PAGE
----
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04.12.2004 Regional News

52 communities in five districts benefit from WACAP project

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Kumasi, Dec 4, GNA - Fifty-two communities in five districts in the country have benefited from the West Africa Cocoa/Commercial Agricultural Project (WACAP) of the International Labour Organisation (ILO) which cost 2.5 billion cedis to be implemented.

Eighteen communities in the Atwima-Mponua district, eight in the Amansie West, all in the Ashanti region, eight in the Suhum-Kraboa-Coaltar in the Eastern Region and nine in the Kassena-Nankana in the Upper East Region benefited.

The WACAP, United States Department of Labour and Cocoa Global Issues Groups in the USA, were funding the project, which sough to create awareness on child labour, rehabilitate about 1,000 children and assist 150 communities, jointly.

Mrs Rita D. Owusu-Amankwaah, Country Programme Coordinator of WACAP, said these at the opening of a two-day management training workshop organized by WACAP for the various implementing agencies in Kumasi on Friday.

The workshop which was attended by 30 participants of the WACAP implementing agencies including government agencies, workers union, district assemblies and other non-governmental organizations, was designed to equip them with the relevant project management and reporting skills to ensure effective project implementation and the preparation and submission of reports.

It was also aimed at building the capacity of partners on how to handle child labour issues and the conducting and disseminating research findings.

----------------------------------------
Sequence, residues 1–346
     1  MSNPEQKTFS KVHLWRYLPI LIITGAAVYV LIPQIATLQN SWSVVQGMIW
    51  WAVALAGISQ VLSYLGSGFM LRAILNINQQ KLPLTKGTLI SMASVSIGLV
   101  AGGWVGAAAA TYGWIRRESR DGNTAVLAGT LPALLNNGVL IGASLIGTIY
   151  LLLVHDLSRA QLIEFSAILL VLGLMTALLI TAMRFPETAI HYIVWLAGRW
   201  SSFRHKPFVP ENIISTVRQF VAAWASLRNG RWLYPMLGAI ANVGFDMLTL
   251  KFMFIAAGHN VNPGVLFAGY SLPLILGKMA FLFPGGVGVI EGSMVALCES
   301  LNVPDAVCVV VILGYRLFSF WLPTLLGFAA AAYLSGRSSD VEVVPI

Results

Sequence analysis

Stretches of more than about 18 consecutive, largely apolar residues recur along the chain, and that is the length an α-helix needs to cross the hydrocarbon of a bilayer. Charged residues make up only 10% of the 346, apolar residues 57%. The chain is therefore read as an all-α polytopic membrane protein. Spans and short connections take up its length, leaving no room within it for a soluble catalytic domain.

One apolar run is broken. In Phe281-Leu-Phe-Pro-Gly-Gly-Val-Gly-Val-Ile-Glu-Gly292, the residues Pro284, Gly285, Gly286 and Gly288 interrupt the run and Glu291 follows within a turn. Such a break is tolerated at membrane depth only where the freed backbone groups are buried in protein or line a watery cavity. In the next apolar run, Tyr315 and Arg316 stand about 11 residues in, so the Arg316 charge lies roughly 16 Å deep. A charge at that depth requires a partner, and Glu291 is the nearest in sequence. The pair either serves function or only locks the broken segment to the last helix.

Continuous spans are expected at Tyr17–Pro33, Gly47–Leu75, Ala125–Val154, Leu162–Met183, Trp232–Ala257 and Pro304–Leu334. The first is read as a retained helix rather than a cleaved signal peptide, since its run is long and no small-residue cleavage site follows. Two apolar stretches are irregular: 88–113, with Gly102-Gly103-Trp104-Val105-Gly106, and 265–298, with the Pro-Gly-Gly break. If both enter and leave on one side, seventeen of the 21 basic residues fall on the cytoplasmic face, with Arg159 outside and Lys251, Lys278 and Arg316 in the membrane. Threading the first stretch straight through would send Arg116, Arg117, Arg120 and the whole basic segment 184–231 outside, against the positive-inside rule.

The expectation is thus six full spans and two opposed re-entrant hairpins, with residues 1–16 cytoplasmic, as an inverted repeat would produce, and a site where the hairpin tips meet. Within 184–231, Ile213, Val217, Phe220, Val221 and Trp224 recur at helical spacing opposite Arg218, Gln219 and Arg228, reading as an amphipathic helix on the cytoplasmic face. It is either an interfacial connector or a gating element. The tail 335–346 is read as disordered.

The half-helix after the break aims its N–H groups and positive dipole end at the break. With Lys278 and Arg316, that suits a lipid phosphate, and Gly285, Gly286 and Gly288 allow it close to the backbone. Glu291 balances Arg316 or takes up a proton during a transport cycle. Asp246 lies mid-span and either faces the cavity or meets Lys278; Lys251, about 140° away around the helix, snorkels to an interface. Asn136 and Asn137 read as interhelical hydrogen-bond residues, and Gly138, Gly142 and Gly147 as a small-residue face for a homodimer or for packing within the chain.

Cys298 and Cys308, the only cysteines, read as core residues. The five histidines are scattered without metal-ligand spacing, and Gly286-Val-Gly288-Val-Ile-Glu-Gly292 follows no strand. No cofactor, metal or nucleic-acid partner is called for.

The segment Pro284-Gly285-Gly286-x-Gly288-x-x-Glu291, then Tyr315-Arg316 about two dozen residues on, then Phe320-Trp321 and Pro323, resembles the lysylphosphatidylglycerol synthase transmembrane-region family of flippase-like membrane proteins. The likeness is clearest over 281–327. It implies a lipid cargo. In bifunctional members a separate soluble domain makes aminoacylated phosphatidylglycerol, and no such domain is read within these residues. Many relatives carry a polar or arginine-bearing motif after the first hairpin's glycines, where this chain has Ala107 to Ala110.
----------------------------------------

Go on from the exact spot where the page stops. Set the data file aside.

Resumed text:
Mrs Owusu-Amankwaah noted that child labour was a global issue that had attracted a lot of attention in recent times because of its negative effect on the development of children.

She said the ILO estimated that 246 million children were involved in the worst forms of child labour and that the incidence was rife in the cocoa, coffee, cotton, rubber and teak growing sub-sectors of economic activity worldwide.

The Country programme Coordinator noted that work in the agricultural sector had been described as hazardous because of the preponderance of biological, physical and ergonomic hazards associated with the sector.

Mrs Owusu-Amankwaah also said that children working in the sector were likely to be at great risk because their anatomical and physiological systems were developing and therefore more prone to the negative impacts of those hazards than adults under the same conditions. She said the ILO Convention 182 calls for immediate action to eliminate the worst forms of child labour.

Mrs Owusu-Amankwaah said it was in consonance with the call that several organizations including the ILO and other partners formulated policies and implemented programmes aimed at facilitating compliance of the Convention.

Mr George Allotey, Assistant Finance Officer of the ILO, appealed to the participants to take the workshop seriously to enable them prepare their financial and other reports effectively.

Mr John Kwadwo Owusu, chairman of the Ashanti Region Network of NGOs, urged the implementing agencies to work as a team to ensure the success of the project to eliminate child labour.

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